How to forgive.
How do you forgive?
Have you ever wanted to know how to forgive? How do you forgive a cheater? How do you forgive yourself? Have you wondered how to forgive someone in general? Lately the word forgive has been heavy on my mind.
I have had many opportunities to harbor anger, resentments, and even hurt in my life. I’ve had some opportunities to cause them too. There was a time in my life when I didn’t think I could ever forgive and even if I could I didn’t want to. My heart felt cold and I wanted to be angry. I felt justified in my anger. My anger was justifiable. Because I was justified I felt I couldn’t forgive until the person apologized. I never received an apology.
How do we forgive someone when we don’t feel forgiveness?
I felt hurt and I was angry about those hurts. I felt frustrated that no one knew the whole story. It seemed unfair that a person could purposely hurt another and seemingly get away with it. I couldn’t prove at the time what was happening because things were done in ways that were manipulative. This person would twist a circumstance around in a way that made it difficult for me at first to realize what was happening. I felt discouraged and I couldn’t explain it to others. Eventually I began to recognize the behavior and I became angry. My anger fed the fire and helped to damage an already broken relationship.
It was many years before I was able to look at the circumstance through a different perspective. It took many more years before I was able to come to a place of forgiveness. The reason it took so long is because I didn’t know how to forgive, or why it was so important. Forgiving proved more difficult than just speaking words. No matter how many times I said it, I didn’t FEEL it in my heart.
I battled with the remnants of the relationship and dynamics that intruded into my daily life. I couldn’t remove the hurt from my life and neither could I remove the person. Because I wanted to be angry I also couldn’t let it go.
An illustration on forgiveness.
Years later my husband and I lead a teen recovery support program. During a lesson on forgiveness we used an illustration. The teens were instructed to take an ice cube and hold it tightly in their hand until they felt like putting it down. Some kids held their ice cube for a short time, some held on longer, and some kids chose to hold on so long the ice cube completely melted. After the activity we discussed how forgiveness is like holding onto that ice cube. At any point we have the power to release it. We have the power to put it down and stop the discomfort. Instead, some of us hold onto it for so long that the circumstance dissolves but the residual effects stay just as painful as a cold ice cube clenched tightly in our hand. Eventually we become numb and forget we’re still carrying it around. It’s still there though and it acts only as a reminder of the wrong that’s been done. Until we learn to let it go we’ll never truly heal.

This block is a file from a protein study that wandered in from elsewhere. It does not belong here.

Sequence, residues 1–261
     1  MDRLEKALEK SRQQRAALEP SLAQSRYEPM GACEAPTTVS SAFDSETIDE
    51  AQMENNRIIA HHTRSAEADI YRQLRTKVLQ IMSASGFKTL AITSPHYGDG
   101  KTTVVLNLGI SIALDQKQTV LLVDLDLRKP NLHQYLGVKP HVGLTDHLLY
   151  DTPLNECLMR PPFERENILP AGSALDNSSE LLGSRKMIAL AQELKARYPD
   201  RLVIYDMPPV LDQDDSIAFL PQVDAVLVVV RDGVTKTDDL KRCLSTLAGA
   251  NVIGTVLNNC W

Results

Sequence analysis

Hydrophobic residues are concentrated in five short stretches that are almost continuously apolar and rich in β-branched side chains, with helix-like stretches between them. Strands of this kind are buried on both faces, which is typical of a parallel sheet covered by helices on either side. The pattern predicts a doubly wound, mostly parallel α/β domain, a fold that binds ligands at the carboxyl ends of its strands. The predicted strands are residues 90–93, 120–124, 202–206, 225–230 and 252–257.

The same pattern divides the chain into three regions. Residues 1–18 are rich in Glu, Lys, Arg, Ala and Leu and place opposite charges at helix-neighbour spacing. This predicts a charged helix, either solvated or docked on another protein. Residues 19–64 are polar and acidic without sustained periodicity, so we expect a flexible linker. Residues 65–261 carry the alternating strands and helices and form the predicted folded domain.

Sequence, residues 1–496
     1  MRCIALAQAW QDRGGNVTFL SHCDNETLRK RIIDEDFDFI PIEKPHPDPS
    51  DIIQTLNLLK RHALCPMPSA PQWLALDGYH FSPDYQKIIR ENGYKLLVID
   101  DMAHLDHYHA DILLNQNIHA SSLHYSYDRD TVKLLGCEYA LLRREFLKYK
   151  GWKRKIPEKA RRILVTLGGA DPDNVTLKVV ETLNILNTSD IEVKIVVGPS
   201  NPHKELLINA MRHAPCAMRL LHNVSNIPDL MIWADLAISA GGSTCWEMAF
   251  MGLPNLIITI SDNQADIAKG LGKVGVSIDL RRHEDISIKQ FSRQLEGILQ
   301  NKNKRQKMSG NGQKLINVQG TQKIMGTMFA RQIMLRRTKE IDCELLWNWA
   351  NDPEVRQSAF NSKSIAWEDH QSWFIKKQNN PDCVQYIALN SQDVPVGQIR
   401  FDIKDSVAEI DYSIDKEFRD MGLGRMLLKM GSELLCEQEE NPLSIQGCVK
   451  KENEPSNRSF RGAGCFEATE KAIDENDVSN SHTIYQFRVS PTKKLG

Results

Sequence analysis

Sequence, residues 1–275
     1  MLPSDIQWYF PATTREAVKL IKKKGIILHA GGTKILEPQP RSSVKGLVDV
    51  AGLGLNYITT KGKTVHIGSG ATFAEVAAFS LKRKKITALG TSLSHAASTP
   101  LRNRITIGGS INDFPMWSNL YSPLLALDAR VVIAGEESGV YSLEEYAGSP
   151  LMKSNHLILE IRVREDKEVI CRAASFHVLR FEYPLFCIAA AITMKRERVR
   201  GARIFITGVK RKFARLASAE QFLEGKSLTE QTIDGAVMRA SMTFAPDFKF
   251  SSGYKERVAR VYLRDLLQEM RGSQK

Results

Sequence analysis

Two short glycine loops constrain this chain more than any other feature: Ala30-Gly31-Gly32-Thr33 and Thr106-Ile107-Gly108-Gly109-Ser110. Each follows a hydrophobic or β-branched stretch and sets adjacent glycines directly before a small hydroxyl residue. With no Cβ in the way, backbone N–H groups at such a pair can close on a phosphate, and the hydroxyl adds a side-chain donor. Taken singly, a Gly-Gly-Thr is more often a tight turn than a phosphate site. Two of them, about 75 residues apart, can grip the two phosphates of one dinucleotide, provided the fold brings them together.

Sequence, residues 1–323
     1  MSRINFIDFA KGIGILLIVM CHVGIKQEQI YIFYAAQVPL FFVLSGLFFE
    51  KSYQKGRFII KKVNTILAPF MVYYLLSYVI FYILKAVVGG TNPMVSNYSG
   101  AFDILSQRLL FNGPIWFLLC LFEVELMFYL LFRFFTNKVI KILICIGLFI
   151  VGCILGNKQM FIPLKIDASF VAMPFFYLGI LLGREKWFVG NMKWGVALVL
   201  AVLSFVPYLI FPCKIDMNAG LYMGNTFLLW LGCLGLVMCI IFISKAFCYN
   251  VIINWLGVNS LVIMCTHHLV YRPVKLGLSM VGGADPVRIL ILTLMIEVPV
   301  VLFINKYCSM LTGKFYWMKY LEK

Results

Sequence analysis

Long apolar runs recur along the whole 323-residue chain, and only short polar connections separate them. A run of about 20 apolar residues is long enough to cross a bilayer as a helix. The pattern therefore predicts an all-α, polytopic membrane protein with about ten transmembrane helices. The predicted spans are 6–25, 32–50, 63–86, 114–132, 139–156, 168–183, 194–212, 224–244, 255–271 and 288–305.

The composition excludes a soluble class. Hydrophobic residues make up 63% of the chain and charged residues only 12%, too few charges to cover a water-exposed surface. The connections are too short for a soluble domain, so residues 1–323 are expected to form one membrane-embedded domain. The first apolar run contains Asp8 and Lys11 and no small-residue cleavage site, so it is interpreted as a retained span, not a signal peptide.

Why un-forgiveness hurts us.
Holding on was my way of holding the person accountable, since it seemed no one else would. I couldn’t forgive and I certainly wouldn’t forget.
When I finally recognized that it was hurting me more to hold onto it than it was hurting them, I knew I had to forgive. I got serious about forgiveness. I began to research exactly how to do it. Over and over I read about why I should. Articles proving scientific evidence of the benefits of forgiveness litter the Internet. One article from John Hopkins Medicine read, “Studies have found that the act of forgiveness can reap huge rewards for your health, lowering the risk of heart attack; improving cholesterol levels and sleep; and reducing pain, blood pressure, and levels of anxiety, depression and stress. And research points to an increase in the forgiveness-health connection as you age.” The articles based on scientific evidence of health benefits from forgiveness were for me, compelling. According to the Cancer Treatment Centers of America dwelling on hurtful events may lead to resentment, hostility, bitterness, a sense of injustice, and a desire for vengeance. “Holding a grudge affects our cardiovascular and nervous systems. Researchers found that people had increases in their heart rates, blood pressure and muscle tension when they thought about being wronged. They also felt less in control. Forgiveness can reverse the effects of holding a grudge” (Cancer Treatment Centers of America, Forgiveness Infograph).